The Supreme Court says the Affordable Care Act fits within the boundaries of the Constitution. That doesn't mean it's a good idea. The Constitution isn't a national shield to protect us from horribly flawed thinking.
The Supreme Court's decision means every American is now on the hook to buy health insurance -- whether we want it or not. We're going to be forced to reach into our pockets to pull out money for health coverage. Some of the most creative thinking has gone into what to call that money. Already, it has carried a number of labels: the individual mandate, a premium, a fee, a "shared responsibility payment."
The labels are fog and smoke -- intended to obscure, not to explain.
But Chief Justice John Roberts, who wrote the court's majority opinion, called it what it is -- a tax. And it was on that basis that the health care law was allowed to stand.
"Because the Constitution permits such a tax, it is not our role to forbid it, or to pass upon its wisdom or fairness," Roberts said.
So, it can be unfair. It can be dumb. It can be wrong. And it can still be constitutional.
I'm disappointed by the Supreme Court's ruling. And I'm not happy that some in Washington haven't leveled with the American public.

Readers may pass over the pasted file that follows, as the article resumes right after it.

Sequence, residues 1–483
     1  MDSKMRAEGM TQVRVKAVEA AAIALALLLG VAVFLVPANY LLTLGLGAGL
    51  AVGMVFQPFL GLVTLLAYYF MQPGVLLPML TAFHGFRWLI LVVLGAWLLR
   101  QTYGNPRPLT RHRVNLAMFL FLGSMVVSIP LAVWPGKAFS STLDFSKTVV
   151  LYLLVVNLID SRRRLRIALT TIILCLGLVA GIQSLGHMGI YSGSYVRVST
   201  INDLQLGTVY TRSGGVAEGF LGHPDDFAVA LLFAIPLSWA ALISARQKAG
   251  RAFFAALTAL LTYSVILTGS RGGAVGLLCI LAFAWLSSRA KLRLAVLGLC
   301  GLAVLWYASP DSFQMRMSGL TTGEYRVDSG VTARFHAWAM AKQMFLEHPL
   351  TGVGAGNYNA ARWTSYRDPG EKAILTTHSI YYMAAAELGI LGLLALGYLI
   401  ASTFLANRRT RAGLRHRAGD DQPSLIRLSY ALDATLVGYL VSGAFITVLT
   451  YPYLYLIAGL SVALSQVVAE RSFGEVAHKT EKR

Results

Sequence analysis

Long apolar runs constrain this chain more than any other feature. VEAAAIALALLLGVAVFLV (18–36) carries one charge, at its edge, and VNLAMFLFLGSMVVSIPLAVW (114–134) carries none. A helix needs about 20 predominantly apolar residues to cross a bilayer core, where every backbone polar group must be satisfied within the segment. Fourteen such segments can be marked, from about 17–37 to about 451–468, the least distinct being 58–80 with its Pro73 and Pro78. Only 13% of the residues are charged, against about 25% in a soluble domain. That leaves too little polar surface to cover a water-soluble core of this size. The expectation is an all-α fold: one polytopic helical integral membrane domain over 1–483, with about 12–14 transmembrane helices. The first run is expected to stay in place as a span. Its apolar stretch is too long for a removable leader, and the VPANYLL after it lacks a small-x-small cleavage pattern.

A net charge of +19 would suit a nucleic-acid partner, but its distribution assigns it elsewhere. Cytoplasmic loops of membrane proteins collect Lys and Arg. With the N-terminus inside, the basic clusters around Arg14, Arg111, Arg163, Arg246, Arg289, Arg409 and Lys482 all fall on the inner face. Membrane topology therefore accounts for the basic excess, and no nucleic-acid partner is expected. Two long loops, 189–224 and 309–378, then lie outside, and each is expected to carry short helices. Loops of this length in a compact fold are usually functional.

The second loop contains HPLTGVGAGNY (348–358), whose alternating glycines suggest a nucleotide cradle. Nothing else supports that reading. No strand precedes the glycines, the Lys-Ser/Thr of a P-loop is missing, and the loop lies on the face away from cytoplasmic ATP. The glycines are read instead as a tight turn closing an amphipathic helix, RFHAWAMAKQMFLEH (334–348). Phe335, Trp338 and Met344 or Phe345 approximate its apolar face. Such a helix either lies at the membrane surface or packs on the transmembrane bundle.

Two years ago, when the Democrats who then controlled the House passed the Affordable Care Act, they were adamant that it wasn't a tax. President Obama was adamant that it wasn't a tax. Now, the Supreme Court says it's a tax. Regardless of how it's labeled, the law should be repealed.
We have the best doctors and hospitals in the world, but I'm concerned that this law won't ensure better care for patients. Instead, it could dictate how doctors practice medicine -- and it could reduce treatment options for patients on the basis of cost.
We can all agree that our health care system needs some serious reforms -- reforms that actually lower costs, make coverage more affordable for families and businesses, and keep the government out of our health care decisions. Obamacare fails on those points. Just because the Supreme Court says it's constitutional doesn't mean it's the right thing to do.